To learn more about licensing options, visit the Creative Commons website.   

Additional Resources 

How to Publish Open Access with ACS

ACS Read + Publish Agreements

Open Access Pricing

Fostering a Climate of Open Science

This post is part of a five-part series published in celebration of International Open Access Week 2022. We encourage you to explore the entire series below, which offers valuable insights and resources in support of advancing transparency and inclusion in the scientific community through open access.

Celebrate Open Access Week 2022 with ACS Publications
Fostering a Climate of Open Science
Open Access Copyright and Licensing: A Guide for Authors
The Journey to Open Access: Past and Present
Looking Ahead: The Future of Open Access

Open Access vs. Open Science—What’s the Difference?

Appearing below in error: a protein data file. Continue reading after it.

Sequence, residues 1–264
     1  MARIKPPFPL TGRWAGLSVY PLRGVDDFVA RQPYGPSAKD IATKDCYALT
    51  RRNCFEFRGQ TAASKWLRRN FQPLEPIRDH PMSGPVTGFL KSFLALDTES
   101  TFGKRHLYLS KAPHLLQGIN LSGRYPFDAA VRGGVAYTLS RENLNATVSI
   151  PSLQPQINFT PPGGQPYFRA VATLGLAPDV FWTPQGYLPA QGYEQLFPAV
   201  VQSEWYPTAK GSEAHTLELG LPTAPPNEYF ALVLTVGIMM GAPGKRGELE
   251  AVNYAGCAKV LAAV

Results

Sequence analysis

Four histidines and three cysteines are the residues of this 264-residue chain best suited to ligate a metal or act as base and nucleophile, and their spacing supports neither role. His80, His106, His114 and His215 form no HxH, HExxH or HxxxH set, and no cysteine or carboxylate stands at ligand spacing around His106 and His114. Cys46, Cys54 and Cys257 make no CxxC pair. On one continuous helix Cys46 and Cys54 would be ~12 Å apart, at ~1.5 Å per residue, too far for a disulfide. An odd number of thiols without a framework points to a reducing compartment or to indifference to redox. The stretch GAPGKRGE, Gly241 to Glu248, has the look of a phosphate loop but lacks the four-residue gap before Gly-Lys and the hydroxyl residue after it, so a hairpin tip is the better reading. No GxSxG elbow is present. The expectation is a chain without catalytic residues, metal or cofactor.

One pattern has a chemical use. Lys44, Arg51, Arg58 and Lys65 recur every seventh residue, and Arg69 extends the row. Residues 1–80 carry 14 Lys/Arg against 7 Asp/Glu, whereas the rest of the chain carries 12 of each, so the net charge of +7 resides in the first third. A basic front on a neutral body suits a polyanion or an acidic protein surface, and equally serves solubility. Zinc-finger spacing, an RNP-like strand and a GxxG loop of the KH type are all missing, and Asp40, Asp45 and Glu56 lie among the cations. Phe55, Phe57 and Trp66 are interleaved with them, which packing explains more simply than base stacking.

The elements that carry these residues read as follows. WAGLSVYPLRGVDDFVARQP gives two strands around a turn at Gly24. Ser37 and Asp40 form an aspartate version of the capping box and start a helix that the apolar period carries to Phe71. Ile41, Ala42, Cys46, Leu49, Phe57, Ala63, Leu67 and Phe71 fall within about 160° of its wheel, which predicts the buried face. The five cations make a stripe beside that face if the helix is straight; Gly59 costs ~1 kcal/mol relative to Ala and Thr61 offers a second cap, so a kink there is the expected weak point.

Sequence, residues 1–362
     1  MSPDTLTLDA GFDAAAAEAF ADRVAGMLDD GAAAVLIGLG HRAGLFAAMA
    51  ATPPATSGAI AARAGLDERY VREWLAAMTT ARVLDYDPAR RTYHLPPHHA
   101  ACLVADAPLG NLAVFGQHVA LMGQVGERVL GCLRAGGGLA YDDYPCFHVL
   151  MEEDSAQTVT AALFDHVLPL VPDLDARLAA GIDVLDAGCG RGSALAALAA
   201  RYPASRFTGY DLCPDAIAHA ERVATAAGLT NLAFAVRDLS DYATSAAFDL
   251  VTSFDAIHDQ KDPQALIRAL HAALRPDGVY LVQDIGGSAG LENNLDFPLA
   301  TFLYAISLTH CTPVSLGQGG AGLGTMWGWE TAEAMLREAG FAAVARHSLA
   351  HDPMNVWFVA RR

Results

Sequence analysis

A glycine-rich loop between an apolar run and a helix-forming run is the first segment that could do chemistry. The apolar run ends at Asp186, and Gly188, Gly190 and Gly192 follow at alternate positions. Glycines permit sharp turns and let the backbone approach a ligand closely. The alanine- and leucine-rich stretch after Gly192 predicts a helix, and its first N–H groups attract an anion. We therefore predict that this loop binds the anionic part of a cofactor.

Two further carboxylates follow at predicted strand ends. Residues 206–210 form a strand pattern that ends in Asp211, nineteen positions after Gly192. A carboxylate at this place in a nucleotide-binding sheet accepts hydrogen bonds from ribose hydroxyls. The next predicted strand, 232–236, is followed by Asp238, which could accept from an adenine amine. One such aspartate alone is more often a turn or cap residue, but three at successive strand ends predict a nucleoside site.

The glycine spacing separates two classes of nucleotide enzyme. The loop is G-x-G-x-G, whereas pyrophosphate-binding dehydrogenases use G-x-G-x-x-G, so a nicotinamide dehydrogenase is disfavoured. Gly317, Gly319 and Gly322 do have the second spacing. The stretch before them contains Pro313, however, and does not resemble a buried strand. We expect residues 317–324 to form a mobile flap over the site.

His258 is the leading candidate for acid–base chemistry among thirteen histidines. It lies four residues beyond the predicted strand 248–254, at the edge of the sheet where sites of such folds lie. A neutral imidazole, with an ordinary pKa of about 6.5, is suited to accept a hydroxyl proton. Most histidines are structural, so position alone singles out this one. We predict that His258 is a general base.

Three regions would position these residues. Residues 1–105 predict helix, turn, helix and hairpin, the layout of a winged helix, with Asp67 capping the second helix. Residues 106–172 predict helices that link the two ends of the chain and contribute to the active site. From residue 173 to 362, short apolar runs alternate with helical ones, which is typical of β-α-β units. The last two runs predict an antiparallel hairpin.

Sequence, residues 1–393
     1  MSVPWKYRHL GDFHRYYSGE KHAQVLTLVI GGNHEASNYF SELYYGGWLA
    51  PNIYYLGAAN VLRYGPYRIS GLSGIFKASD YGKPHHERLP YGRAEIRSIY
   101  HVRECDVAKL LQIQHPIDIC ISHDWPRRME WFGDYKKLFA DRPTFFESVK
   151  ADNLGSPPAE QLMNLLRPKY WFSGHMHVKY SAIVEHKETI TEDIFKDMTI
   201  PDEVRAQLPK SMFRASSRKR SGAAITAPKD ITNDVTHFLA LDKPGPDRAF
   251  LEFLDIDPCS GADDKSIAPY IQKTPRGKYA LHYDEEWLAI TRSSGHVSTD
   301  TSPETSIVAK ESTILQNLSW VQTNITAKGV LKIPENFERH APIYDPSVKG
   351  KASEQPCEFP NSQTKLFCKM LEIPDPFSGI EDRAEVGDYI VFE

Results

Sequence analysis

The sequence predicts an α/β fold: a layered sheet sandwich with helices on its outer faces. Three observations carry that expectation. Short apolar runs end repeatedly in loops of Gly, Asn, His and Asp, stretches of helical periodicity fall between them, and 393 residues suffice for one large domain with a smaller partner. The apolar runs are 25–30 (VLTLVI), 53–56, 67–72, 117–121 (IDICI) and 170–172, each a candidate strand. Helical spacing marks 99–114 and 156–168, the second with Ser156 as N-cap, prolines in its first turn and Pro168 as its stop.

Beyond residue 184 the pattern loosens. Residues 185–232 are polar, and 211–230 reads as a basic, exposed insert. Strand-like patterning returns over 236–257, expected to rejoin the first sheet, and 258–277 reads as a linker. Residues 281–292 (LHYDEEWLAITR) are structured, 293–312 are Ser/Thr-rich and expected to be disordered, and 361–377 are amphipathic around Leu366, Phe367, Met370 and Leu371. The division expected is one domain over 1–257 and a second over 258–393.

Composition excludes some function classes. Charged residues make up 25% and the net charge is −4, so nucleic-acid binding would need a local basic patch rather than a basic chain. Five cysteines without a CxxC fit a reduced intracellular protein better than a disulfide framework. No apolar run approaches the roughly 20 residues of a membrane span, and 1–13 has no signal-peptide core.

“Open access” and “Open Science” are terms frequently used in the scientific and scholarly publishing communities, but they are not the same. Open access refers to the process of making research articles openly and freely available for anyone who wants to access them. However, it is just one piece of the Open Science puzzle.

Open Science describes a broad, collective movement with a goal of increasing transparency and access across all components of the research process beyond the traditional article—including open peer review, data repositories, scholarly communication, and much more. Open Science champions a globally inclusive landscape built on collaboration across academic fields and among researchers around the world.

ACS Publications is at the forefront of initiatives, products, and services supporting open access and the broader, ever-evolving Open Science landscape. Read below to learn more about our commitment to Open Science and the various resources available for our community.